nep-iue New Economics Papers
on Informal and Underground Economics
Issue of 2013‒09‒24
four papers chosen by
Catalina Granda Carvajal
Universidad de Antioquia

  1. Measuring the Informal Economy in the Caucasus and Central Asia By Yasser Abdih; Leandro Medina
  2. Jointly optimal taxes and enforcement policies in response to tax evasion By PESTIEAU, Pierre; POSSEN, Uri M.; LUTSKY, Steven M.
  3. Effects of supervision on tax compliance: Evidence from a field experiment in Austria By Katharina Gangl; Benno Torgler; Erich Kirchler; Eva Hofmann
  4. Enlisting Employees in Improving Payroll-Tax Compliance: Evidence from Mexico By Kumler, Todd J.; Verhoogen, Eric; Frias, Judith A.

  1. By: Yasser Abdih; Leandro Medina
    Abstract: This study estimates the size of the informal economy, and the relative contribution of each underlying factor, for the Caucasus and Central Asia countries in 2008. Using a Multiple Indicator-Multiple Cause model, we find that a burdensome tax system, rigid labor market, low institutional quality, and excessive regulation in financial and products markets are determinant factors in explaining the size of the informal economy, which ranges from 26 percent of GDP in Kyrgyz Republic to around 35 percent of GDP in Armenia. Furthermore, the results show that higher levels of informality increase the levels of self employment and the percentage of currency held outside the banking system.
    Keywords: Shadow economy;Central Asia;Tax burdens;Labor markets;Economic models;Cross country analysis;Informal economy; latent variable; Caucasus and Central Asia.
    Date: 2013–05–31
  2. By: PESTIEAU, Pierre; POSSEN, Uri M.; LUTSKY, Steven M.
  3. By: Katharina Gangl; Benno Torgler; Erich Kirchler; Eva Hofmann
    Abstract: The tax compliance literature has mainly focused on individual tax evasion rather than firm tax evasion. In general, there is a lack of field experiments on the topic, and measuring tax compliance is challenging. To address this shortcoming in the literature, we conduct a field experiment on firm tax compliance looking at newly founded firms. As a novelty we explore how firms react to closer supervision by the tax administration, looking at timely paying which has no measurement biases. Interestingly, we observe a crowding-out effect of supervision on timely paying of taxes. On the other hand, for those who were non-compliant, supervision reduced the tax amount that was due.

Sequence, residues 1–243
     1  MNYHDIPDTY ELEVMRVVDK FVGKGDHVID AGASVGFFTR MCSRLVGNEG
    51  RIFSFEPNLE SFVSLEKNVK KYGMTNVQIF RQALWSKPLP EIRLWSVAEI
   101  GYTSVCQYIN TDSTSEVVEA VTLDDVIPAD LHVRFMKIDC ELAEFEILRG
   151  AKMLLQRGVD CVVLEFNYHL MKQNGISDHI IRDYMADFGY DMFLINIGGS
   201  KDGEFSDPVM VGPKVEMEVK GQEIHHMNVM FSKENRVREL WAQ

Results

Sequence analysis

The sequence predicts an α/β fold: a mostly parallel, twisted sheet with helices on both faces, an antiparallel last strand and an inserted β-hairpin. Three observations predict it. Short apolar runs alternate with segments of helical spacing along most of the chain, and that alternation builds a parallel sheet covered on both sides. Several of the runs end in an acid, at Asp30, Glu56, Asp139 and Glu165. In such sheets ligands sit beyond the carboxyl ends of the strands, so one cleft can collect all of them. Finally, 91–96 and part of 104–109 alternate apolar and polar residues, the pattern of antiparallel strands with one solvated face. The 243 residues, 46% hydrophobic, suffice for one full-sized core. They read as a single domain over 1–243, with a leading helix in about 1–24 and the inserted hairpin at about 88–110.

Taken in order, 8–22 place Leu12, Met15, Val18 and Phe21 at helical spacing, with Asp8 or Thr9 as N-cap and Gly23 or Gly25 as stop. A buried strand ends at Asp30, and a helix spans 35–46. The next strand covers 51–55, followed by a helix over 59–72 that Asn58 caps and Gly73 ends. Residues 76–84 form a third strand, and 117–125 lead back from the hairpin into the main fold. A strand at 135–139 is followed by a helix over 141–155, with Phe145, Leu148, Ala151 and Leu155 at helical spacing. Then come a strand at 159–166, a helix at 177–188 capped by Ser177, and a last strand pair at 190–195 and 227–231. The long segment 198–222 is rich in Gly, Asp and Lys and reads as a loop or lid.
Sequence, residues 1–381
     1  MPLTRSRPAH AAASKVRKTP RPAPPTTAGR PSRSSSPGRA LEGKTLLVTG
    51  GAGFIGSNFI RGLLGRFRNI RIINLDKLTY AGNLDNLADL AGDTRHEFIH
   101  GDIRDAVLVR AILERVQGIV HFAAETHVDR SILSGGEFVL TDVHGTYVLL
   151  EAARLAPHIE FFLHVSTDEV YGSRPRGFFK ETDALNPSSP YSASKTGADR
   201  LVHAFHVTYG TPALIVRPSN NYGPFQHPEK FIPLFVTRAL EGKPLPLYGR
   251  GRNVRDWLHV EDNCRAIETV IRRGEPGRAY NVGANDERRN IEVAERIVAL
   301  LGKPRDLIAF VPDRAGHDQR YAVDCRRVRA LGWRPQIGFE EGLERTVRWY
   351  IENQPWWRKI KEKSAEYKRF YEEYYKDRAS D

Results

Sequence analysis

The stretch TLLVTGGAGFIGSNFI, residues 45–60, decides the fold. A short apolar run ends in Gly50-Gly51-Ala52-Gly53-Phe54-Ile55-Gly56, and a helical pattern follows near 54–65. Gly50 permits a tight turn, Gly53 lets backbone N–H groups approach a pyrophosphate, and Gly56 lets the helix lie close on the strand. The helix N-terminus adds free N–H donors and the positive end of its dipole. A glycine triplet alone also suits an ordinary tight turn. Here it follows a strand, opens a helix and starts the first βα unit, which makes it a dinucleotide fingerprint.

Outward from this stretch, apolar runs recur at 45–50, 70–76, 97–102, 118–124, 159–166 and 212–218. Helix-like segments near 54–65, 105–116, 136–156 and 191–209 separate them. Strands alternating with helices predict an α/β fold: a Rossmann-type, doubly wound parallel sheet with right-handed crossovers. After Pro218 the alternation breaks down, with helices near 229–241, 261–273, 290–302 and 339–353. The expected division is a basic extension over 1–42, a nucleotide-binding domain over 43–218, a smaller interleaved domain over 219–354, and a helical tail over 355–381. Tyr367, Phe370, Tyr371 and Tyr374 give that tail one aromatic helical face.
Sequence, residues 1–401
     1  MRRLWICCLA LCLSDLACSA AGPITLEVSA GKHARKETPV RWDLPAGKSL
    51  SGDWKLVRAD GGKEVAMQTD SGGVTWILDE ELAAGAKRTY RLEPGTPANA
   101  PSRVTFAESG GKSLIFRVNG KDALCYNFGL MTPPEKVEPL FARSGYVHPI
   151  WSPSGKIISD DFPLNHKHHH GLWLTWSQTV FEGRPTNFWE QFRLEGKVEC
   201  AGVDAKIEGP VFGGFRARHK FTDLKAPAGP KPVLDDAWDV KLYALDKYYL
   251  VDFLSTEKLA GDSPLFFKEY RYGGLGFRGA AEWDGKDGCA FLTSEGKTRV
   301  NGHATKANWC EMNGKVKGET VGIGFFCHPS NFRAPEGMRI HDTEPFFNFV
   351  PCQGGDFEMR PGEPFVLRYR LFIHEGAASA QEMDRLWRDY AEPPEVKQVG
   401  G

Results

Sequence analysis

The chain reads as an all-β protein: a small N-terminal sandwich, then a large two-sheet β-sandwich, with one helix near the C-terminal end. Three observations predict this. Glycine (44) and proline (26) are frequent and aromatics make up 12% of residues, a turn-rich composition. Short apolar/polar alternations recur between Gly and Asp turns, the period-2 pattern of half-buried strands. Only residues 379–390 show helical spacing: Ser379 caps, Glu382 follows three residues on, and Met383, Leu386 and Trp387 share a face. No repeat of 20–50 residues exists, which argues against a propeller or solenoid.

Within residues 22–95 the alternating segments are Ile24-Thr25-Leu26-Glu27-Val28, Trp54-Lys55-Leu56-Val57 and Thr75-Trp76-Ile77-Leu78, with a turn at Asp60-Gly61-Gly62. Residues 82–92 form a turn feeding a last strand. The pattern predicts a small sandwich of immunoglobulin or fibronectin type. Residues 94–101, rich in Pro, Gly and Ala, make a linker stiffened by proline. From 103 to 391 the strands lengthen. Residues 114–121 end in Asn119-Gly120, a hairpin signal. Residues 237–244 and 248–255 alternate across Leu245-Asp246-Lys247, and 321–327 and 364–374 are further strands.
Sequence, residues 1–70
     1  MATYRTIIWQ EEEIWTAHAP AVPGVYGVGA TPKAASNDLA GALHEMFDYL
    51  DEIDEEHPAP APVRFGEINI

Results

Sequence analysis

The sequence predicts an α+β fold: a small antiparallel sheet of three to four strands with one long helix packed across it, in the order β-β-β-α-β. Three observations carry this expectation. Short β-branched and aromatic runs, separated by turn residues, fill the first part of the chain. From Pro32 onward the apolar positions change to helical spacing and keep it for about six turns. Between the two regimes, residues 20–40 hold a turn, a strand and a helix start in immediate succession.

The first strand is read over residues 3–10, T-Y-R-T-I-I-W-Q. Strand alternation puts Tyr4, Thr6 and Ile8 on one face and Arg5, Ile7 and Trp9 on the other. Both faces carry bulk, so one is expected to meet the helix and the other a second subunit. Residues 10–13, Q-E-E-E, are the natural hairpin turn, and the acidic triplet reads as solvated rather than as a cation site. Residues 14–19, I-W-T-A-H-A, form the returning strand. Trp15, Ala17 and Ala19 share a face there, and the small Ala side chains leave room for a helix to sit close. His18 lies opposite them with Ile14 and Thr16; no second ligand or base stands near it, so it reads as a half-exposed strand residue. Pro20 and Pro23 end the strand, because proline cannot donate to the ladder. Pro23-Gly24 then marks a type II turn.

Keywords: : tax compliance, tax evasion, field experiment, deterrence, tax enforcement, supervision
    JEL: H26 C93 K42
    Date: 2013–08–19
  4. By: Kumler, Todd J. (Columbia University); Verhoogen, Eric (Columbia University); Frias, Judith A. (Mexican Institute of Social Security (IMSS))
    Abstract: Non-compliance of firms with tax regulations is a major constraint on state capacity in developing countries. We focus on an arguably under-appreciated dimension of non-compliance: under-reporting of wages by formal firms to evade payroll taxes. We develop a simple partial-equilibrium model of endogenous compliance by heterogeneous firms to guide the empirical investigation. We then compare two independent sources of individual-level wage information from Mexico – firms' wage reports to the Mexican social security agency and workers' responses to a household labor-force survey – to investigate the extent of wage under-reporting and how it responded to an important change in the social security system. We document that under-reporting by formal firms is extensive, and that compliance is better in larger firms. Using a difference-in-differences strategy based on the 1997 Mexican pension reform, which effectively tied pension benefits more closely to reported wages for younger workers than for older workers, we show that the reform led to a relative decline in under-reporting for younger workers. Within metro area/sector/firm size cells, the decline in under-reporting was greater in cells initially employing a younger workforce on average. The empirical patterns are consistent with our theoretical model and suggest that giving employees incentives and information to improve the accuracy of employer reports can be an effective way to improve payroll-tax compliance.
    Keywords: tax compliance, state capacity, Mexico, heterogeneous firms, pension reform
    JEL: O17 H26 H55
    Date: 2013–08

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